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Crude markets, which had been "oversold" in late New York trade Tuesday, were returning to a "more stable level", Justin Harper, market strategist for IG Markets Singapore, told AFP.
"It's a slight sort of bounce back because it got hit quite hard overnight." Crude prices had slid more than USD 2.00 on both the New York and London indexes in late trade yesterday on news that the Norwegian government had stepped in to end a 16-day strike in western Europe's largest oil and gas producer.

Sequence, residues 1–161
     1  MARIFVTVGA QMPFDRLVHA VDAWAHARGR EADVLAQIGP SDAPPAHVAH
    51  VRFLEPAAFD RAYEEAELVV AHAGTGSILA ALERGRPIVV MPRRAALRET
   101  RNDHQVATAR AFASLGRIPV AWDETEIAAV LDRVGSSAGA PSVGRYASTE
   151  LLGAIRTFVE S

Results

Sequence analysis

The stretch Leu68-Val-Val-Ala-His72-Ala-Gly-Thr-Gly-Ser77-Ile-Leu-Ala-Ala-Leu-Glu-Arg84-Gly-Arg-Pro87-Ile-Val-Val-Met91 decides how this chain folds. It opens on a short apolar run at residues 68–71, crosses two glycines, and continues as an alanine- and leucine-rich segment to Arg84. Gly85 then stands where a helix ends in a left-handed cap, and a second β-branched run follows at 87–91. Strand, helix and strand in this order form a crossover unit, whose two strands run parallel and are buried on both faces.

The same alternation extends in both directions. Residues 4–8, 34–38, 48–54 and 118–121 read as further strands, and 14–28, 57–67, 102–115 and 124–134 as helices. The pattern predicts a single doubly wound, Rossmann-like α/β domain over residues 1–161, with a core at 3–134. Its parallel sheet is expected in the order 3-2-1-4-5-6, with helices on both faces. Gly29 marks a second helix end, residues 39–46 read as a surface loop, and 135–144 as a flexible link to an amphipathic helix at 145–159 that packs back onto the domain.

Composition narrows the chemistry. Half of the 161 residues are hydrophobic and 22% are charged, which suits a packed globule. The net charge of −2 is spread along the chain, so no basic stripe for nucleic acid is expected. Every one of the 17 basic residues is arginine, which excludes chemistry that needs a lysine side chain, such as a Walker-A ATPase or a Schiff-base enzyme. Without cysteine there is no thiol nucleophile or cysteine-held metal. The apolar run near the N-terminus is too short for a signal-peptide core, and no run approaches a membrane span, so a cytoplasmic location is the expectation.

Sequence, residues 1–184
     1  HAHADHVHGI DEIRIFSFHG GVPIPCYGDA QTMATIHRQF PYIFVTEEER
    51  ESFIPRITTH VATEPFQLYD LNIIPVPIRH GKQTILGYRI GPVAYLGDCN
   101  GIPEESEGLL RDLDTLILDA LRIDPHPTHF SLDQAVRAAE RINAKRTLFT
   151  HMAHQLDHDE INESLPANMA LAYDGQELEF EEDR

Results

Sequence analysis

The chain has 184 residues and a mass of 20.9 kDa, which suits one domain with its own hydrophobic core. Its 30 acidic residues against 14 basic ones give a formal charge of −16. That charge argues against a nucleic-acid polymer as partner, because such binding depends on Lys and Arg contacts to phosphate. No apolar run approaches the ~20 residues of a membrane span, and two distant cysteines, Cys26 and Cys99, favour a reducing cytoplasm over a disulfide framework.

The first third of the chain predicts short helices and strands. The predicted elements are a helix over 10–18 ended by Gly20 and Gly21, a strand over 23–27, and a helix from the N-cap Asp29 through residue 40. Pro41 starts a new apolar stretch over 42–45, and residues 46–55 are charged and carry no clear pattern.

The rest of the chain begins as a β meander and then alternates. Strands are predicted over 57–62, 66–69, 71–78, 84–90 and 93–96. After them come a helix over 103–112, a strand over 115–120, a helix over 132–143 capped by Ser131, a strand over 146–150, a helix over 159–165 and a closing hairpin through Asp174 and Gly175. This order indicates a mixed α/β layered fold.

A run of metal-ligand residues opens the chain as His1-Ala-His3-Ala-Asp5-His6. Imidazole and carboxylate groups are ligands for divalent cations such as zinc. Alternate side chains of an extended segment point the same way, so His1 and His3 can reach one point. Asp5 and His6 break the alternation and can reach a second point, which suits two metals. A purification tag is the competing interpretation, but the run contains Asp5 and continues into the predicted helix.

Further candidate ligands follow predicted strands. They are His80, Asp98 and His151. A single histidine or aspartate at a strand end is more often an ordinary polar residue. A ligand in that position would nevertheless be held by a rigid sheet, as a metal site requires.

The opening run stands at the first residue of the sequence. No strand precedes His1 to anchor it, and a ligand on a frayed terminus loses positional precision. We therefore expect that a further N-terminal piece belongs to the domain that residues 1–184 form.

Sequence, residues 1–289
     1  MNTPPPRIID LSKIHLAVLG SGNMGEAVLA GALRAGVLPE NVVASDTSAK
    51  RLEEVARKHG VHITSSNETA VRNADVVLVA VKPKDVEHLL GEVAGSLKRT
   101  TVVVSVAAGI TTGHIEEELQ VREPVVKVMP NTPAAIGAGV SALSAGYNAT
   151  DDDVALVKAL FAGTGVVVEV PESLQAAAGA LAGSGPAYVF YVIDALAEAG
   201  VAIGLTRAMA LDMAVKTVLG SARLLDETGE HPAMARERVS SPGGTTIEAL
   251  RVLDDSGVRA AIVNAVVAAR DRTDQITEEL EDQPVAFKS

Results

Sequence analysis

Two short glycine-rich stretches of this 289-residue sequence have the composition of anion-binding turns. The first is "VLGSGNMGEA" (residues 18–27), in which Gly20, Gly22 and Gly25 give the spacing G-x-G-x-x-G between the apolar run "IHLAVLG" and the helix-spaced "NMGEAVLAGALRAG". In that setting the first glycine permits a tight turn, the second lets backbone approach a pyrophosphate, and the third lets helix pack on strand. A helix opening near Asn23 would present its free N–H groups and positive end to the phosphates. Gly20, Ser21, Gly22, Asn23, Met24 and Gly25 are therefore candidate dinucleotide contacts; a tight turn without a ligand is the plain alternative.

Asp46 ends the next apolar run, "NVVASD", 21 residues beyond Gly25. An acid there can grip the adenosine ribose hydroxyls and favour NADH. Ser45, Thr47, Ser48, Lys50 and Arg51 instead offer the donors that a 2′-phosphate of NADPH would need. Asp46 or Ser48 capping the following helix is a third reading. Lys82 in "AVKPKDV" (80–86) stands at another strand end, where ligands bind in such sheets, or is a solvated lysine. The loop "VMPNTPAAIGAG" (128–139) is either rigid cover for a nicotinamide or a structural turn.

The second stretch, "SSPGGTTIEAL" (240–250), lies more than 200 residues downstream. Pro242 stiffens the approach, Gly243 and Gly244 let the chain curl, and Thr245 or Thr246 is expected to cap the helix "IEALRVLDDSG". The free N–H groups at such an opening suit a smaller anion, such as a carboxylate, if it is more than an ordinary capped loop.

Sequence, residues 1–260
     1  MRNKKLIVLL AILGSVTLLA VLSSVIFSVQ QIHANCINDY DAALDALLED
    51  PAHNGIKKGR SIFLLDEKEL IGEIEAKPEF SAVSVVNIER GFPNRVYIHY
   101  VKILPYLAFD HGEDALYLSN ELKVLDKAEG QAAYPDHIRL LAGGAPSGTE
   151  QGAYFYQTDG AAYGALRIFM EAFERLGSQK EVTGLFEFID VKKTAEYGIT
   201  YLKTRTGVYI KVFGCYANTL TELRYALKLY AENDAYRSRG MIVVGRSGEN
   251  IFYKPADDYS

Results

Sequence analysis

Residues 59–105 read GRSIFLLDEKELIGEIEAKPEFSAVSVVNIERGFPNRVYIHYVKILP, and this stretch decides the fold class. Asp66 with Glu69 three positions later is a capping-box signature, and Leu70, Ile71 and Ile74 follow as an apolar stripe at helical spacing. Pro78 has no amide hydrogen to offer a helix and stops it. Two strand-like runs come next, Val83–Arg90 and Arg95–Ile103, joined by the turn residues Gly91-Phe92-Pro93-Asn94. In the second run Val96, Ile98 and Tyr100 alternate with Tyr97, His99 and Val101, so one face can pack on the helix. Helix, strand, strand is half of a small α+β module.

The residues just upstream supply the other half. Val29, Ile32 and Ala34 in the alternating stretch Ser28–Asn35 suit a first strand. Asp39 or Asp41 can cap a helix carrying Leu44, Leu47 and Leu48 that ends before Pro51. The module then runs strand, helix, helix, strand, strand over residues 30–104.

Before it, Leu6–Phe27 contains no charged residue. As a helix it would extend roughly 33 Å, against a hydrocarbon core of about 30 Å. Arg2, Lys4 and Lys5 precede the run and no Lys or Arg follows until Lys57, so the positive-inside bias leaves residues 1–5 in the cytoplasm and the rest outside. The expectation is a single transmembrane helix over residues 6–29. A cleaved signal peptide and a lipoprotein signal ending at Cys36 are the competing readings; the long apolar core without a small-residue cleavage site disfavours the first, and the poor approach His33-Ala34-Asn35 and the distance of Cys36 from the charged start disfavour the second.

After the strike ended, Norwegian oil fields said they were ramping up output to compensate for the supply disruption, with state-owned giant Statoil, the company most affected by the strike, saying it expected normal output levels by week's end.
Looking ahead, Harper said weak demand from the US and China -- the world's largest oil and gas consumers respectively -- would place downside pressures on oil. "If you're looking at the demand side, there's still grim outlooks for US and China... I'm not very bullish on oil at the moment," he said.
The US was hit by dreary jobs numbers Friday in yet another blow to its efforts to kickstart the economy, while data released Tuesday showed China crude imports plunging to their lowest level since December.